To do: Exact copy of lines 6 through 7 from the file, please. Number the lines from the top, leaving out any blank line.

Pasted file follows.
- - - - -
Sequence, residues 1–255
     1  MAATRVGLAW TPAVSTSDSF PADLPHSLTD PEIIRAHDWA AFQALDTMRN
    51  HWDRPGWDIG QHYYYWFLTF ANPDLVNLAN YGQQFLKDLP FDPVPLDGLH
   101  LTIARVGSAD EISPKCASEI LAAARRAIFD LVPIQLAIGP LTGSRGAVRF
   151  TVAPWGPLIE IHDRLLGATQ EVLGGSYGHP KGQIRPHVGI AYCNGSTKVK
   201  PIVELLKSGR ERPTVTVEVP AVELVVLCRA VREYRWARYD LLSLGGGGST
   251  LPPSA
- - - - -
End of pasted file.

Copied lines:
   201  PIVELLKSGR ERPTVTVEVP AVELVVLCRA VREYRWARYD LLSLGGGGST
   251  LPPSA